By Kailyn Lamb, Marketing Content Writer and Editor, PYA
In the first offering in its new #BuildTN Conversations series, Launch Tennessee brought in new Nashville resident Percy “Master P” Miller to talk about his journey from the projects in his hometown to record store owner, musician, and the food industry.
The conversation, held last Friday, was moderated by Daniel Weisman, Vice President at Alliance Bernstein. In partnership with the “Twende Program” at the Nashville Entrepreneur Center, three entrepreneurs also came up to each ask Miller a question at the end of the segment.
Nashville’s new resident said that he grew up in the projects in New Orleans and realized he was an entrepreneur at a young age. “I started cutting grass and doing little things in the community,” Miller said. “I realized I wanted to own my own business.”
Part of the reason for wanting to run a business was because he wanted to change the “negativity cycle,” and create generational wealth for his family, Miller added, saying, “I have to create my own way out.”
In his late teens, Miller moved to California. He met the owner of a building with a record store in it. The owner let him take over the record store rent-free if Miller promised to clean up the building. That was the start of No Limit Records.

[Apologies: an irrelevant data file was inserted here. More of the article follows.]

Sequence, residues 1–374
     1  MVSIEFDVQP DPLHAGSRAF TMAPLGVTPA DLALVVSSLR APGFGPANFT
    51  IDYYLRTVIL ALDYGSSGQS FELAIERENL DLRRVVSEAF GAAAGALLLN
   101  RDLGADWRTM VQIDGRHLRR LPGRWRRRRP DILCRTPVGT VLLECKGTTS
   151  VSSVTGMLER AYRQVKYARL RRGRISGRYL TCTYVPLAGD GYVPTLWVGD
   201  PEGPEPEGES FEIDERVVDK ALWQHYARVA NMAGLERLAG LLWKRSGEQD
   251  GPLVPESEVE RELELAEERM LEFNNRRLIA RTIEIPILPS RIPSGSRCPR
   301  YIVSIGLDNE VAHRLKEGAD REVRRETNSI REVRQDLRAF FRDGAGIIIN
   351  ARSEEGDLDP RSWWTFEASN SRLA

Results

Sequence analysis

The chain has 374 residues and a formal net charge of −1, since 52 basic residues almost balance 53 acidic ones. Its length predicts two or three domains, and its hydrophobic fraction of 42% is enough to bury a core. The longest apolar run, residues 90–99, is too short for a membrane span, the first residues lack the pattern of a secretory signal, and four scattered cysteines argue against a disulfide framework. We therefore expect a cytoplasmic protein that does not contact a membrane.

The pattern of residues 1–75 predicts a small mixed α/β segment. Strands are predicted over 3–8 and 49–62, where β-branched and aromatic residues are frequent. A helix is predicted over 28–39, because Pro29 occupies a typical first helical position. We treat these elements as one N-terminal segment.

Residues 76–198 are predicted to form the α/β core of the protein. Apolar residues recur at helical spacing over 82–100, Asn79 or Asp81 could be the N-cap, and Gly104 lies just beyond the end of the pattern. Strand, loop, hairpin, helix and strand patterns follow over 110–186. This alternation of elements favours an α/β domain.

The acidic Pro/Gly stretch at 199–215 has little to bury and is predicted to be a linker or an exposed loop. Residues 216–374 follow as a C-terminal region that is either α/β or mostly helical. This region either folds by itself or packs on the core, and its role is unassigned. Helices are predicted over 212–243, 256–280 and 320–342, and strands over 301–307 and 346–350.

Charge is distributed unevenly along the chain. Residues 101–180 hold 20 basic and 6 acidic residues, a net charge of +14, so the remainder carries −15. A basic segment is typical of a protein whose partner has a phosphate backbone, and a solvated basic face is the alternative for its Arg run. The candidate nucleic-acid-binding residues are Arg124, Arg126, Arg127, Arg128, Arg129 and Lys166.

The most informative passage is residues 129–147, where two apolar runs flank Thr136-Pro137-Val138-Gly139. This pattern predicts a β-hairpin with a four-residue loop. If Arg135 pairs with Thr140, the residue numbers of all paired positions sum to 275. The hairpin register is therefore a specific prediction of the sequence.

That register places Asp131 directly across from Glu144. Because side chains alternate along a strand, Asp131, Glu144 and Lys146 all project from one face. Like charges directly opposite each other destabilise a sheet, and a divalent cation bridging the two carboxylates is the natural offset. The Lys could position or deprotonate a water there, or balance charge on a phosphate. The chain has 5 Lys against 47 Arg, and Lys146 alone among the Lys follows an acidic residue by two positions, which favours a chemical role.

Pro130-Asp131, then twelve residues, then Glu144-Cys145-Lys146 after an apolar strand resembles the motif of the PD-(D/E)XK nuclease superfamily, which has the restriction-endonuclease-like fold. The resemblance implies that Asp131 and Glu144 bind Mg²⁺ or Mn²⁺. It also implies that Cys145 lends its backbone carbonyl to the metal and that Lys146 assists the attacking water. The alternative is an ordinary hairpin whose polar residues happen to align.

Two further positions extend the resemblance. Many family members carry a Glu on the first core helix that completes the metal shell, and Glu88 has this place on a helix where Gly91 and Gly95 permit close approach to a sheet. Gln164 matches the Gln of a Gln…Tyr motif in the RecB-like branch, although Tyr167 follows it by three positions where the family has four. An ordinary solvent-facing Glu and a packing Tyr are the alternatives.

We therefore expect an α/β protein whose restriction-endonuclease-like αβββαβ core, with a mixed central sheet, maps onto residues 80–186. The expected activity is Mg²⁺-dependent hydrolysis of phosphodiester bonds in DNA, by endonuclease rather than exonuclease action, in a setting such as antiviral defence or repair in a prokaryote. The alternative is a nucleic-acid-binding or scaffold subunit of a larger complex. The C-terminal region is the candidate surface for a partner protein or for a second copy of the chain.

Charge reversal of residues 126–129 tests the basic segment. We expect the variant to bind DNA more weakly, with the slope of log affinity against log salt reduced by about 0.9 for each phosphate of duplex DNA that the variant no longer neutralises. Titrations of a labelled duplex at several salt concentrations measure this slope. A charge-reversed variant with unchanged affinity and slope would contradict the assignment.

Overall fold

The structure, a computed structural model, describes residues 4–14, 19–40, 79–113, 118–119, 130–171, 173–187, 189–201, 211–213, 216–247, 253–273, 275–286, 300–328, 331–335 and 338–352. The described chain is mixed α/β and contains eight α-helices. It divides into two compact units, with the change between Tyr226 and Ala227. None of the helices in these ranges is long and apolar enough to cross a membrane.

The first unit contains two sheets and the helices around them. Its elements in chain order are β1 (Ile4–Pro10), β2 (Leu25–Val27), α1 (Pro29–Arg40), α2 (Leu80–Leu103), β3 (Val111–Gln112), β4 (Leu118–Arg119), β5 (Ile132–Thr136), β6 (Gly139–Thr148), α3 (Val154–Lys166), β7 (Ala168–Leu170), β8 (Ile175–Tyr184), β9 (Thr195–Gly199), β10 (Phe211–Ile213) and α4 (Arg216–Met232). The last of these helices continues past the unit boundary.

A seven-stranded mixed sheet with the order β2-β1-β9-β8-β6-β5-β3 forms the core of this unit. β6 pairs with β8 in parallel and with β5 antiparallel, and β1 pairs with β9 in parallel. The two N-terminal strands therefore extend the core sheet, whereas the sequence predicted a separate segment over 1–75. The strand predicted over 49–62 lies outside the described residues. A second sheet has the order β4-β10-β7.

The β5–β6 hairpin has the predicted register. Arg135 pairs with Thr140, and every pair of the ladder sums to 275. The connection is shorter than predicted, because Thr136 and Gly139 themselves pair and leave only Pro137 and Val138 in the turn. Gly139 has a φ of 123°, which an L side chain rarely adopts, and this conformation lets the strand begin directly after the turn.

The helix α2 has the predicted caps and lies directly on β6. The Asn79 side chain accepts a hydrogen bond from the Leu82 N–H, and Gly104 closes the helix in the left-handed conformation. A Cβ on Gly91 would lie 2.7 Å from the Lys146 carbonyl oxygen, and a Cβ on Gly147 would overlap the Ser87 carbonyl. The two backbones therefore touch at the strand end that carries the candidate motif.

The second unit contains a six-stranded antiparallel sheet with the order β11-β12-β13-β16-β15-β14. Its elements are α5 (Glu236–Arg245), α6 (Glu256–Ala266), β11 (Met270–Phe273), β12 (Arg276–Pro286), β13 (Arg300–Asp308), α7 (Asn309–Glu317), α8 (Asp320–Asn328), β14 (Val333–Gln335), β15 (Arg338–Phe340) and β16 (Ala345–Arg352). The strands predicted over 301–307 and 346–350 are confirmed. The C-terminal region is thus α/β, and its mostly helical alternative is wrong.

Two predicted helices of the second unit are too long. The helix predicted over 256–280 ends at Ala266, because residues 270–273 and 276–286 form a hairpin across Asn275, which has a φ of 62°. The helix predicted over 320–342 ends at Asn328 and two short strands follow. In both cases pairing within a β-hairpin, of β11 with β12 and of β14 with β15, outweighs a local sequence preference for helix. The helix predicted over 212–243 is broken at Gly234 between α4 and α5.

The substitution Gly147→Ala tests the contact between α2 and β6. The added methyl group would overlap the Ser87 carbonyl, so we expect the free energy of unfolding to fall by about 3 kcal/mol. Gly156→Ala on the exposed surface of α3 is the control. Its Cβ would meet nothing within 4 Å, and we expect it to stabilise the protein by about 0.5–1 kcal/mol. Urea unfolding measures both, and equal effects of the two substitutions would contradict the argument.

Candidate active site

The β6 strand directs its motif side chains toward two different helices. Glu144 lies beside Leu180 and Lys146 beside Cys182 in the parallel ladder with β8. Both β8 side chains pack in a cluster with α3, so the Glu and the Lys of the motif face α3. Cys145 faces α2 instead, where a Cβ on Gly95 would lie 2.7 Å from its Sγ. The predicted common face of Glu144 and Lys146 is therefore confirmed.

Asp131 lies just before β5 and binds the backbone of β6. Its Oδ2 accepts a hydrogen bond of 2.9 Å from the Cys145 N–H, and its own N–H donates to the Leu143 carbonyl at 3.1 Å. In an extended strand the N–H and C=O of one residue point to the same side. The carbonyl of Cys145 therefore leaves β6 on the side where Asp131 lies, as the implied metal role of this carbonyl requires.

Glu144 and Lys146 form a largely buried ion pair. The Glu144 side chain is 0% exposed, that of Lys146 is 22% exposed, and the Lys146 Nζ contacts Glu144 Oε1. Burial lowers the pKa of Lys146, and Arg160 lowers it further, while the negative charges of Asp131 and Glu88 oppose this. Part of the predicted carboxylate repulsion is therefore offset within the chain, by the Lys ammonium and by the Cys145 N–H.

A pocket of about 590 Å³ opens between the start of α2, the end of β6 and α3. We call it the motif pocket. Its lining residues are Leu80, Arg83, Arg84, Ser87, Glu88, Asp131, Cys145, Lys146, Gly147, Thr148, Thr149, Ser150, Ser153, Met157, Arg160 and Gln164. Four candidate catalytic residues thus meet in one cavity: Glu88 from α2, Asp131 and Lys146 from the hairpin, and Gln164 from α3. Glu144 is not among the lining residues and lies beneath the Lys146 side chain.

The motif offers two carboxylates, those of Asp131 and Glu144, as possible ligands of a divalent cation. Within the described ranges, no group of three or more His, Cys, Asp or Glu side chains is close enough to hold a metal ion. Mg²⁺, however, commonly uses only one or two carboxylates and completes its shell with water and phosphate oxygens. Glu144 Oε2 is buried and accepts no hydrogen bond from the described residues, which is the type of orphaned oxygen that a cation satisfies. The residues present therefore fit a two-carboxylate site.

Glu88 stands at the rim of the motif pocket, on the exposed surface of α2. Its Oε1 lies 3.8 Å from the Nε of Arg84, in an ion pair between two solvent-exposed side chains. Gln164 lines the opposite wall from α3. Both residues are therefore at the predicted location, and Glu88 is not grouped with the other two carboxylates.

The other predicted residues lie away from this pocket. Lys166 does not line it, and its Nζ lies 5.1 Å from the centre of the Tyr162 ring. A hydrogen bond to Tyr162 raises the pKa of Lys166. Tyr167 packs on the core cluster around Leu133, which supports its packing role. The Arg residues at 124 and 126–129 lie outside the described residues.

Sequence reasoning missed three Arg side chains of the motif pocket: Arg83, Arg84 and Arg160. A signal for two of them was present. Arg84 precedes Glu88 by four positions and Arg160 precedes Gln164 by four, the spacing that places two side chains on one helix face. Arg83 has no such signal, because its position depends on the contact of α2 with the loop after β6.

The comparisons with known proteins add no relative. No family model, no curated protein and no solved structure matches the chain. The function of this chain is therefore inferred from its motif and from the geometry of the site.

Miller went to school for business while running No Limit Records. He said he would often watch customers to see what kind of products they were interested in and change the packaging of No Limit products to reflect what he saw.
In starting his journey into making music, Miller said he used his life experiences to tell a story. He went to the same radio station over and over, insisting they play his song. Although the station was reluctant, the song eventually became a hit, and Miller began touring.
“I know I’m different, but that difference is going to get me where I need to be,” he said. “It was so important to me to find that one fan.”
As far as entrepreneurship, Miller said that consistently presenting your idea, even when it gets shot down, is important. He also said entrepreneurs should not get so caught up in a destination that they get off course. For example, Miller said he knew that his career was about more than being a musician and that if he hadn’t branched out into other ideas and businesses, he would have been stuck in that industry. He later said that his biggest regret in his career was not thinking out of the box sooner.
Miller sold No Limit Records nearly 20 years ago, and he now focuses on Rap Snacks. The company puts snack products from Black-owned businesses on grocery store shelves. “First, I’m going to take over the music industry, then I’m going to take over the grocery stores,” he said, adding that as an entrepreneur, it’s always been his goal to give back to the community. He also wants to address the imbalance in Black-owned businesses.